International and local artists love ‘toying’ with Brooklyn

The Brooklyn Paper
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The Toy Theater Festival returns to DUMBO with international and local acts reviving the lost art of puppetry and miniature theater.

From May 23 to 31, several performances and exhibitions will be devoted to the art of telling stories through miniature theater and puppets. The festival will also feature a museum exhibit, which will juxtapose classic examples of paper theaters with more contemporary interpretations, workshops a film screening and cabaret.

The eighth festival since 1993 from the New York-based collective Great Small Works, the festival will feature new works from the company, as well as theater miniaturists who work abroad, including French puppeteer Alain Lecucq, and Ravi Gopalan Nair and Parvathy Baul, who connect West Bengal traditional puppet theater and Toy Theater of Victorian Europe.

Acts for the week-long festival come from all over the world, including Mexico, Germany, France and India, but some are right in your own backyard. On May 23 and 24, Hanne Tierney, whose Five Myles gallery and performance space is located near the Brooklyn Museum, will present the Das Triadische Ballett, a Bauhaus toy theater production which portrays the rise and fall of Oscar Schlemmer's Triadic Ballet (1912-1923). Also on those days, Hunter Kaczorowski, a Brooklyn-based artist, presents “Duncan, Part One – or – The Boy With a Bird in His Heart,” a dreamscape of the early life of Post-Impressionist painter Duncan Grant.

On May 25 and 26, Brooklyn-based artists Lake Simons, Erin Orr, Chris Green and Daniel Lang-Levitsky will present their own mini-works. May 27 and 28 will feature Brooklyn residents Theresa Linnahan and Michelle Beshaw performing “Civility and the Sea,” a story about cross-dressing, capitalism and murder.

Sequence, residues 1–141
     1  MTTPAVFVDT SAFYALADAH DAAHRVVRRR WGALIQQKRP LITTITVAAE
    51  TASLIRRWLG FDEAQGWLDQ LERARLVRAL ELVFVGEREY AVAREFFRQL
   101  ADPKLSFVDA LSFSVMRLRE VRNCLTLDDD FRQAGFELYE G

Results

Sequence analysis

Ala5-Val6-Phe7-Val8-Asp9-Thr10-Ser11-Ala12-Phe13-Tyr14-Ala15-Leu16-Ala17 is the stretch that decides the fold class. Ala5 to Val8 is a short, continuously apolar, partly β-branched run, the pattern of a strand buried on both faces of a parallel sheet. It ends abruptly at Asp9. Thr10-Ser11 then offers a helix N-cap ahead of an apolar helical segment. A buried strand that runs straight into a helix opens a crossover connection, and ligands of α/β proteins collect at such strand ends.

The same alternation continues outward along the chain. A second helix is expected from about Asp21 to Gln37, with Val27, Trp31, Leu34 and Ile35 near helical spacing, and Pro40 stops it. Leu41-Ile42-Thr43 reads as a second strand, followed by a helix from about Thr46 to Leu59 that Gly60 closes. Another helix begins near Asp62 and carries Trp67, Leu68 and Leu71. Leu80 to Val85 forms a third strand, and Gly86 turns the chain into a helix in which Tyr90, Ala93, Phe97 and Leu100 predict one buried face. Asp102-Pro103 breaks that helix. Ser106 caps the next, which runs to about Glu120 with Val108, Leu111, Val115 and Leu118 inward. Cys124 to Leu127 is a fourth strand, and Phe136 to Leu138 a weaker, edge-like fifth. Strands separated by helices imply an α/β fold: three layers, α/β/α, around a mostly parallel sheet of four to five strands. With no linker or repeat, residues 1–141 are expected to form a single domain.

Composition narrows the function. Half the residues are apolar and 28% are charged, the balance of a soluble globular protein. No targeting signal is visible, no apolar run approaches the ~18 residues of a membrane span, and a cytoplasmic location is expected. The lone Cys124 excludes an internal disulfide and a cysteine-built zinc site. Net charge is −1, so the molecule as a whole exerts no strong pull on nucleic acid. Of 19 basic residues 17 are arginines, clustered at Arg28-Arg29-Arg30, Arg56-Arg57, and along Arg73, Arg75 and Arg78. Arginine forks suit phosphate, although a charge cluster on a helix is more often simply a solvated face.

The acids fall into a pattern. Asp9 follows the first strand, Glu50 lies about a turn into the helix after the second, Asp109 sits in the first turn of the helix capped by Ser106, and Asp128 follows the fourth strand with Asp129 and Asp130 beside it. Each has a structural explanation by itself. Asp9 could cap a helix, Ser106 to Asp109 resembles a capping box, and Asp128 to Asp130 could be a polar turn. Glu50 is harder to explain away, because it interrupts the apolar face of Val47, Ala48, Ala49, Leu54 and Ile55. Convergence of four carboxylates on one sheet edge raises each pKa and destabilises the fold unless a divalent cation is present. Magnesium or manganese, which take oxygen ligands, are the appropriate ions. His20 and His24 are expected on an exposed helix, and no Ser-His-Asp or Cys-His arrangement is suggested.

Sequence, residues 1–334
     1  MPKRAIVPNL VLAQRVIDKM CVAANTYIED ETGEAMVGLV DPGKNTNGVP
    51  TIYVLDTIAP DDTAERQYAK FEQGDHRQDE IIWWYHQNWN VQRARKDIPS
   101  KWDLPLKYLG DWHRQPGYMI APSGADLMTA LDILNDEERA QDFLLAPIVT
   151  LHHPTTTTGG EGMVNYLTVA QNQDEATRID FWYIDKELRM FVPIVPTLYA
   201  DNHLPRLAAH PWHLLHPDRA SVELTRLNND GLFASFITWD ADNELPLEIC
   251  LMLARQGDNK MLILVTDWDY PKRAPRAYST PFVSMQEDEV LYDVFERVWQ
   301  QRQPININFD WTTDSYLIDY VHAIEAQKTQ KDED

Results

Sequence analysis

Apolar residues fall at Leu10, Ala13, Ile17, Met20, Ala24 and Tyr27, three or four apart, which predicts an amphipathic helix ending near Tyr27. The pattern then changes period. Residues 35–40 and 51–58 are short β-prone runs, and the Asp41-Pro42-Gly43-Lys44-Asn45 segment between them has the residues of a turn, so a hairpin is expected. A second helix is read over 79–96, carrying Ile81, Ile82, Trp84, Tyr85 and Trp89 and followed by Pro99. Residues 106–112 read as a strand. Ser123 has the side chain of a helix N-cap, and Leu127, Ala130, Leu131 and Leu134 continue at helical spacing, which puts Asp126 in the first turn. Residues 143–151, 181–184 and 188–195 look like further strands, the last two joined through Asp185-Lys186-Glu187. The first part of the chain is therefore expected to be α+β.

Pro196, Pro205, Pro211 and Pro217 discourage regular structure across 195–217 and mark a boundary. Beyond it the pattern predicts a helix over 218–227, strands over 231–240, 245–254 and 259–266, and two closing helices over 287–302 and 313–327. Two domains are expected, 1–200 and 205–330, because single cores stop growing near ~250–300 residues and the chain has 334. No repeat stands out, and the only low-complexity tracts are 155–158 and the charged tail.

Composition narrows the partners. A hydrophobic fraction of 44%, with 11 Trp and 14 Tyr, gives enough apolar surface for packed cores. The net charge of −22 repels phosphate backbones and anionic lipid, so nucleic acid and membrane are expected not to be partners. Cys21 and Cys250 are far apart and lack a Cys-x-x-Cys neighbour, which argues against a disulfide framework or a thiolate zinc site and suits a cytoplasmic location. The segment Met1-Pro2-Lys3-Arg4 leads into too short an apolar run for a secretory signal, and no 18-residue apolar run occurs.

On May 29 and 30, Jonathan Cross, another Brooklyn resident, designs, directs and composes “The Dong with the Luminous Nose,” selections from the upcoming operetta, Mister Edward Lear’s ABSURD-Ditties. On May 30, the Williamsburg-based El Puente Academy presents an original toy theater work inspired by the 1992 Cuban film "The Last Rhumba of Papa Montero."

And, of course, the DUMBO-based Great Small Works, which organized the festival, will present “Definitely Maybe,” toy theater plus shadow puppets, video projection and synthezier sound to retell the work of Soviet science fiction writers Boris and Arkady Strugatsky.

“It's a very interesting text from the Soviet era,” says John Bell of GWS, who is presenting the play through MIT's Center for Advanced Visual Studies. “We try to figure out what the relevance of soviet scientific political culture is to our own moment.”

Other highlights among the more than 30 different shows include the New York City-based Chinese Theatre Works, combining Peking Opera techniques and Western paper theater in their production of “Two Horses”; Los Angeles-based artist Laura Heit in “The Matchbox Shows,” itty-bitty puppet shows performed inside matchboxes and projected through video; and Alejandro Benitez and Ana Martinez of Mexico City performing “Leyandas,” based on two popular Mexican fables from colonial times.

In addition to shows, the Temporary Toy Theater Museum set up throughout the Warehouse will feature traditional and contemporary toy theaters, representing 100 artists and collectors and ranging from artwork to historical models, and workshops will let participants explore create their own miniature productions.

There will also be a benefit concert on May 28 will feature West Bengali singer and storyteller Parvathy Baul performing the ancient style of Baul song and dance while incorporating small hand-carved wooden puppets based on classical Indian concepts of Toy Theater.

“There's really going to be a rich variety of artists,” promises Bell of the eighth Toy Theater Festival. “I feel like we've helped spark or foster a toy theater revival. A lot of people are taking part in this. I'm very excited to see all that work.”

The festival takes place at St. Ann's Warehouse (38 Water Street) from May 23 to May 31. Tickets are $20 for the first performance or workshop attended and $15 for each additional, or $50 for a festival pass. For a full list of the schedule, go to

Updated 11:48 am, January 16, 2019
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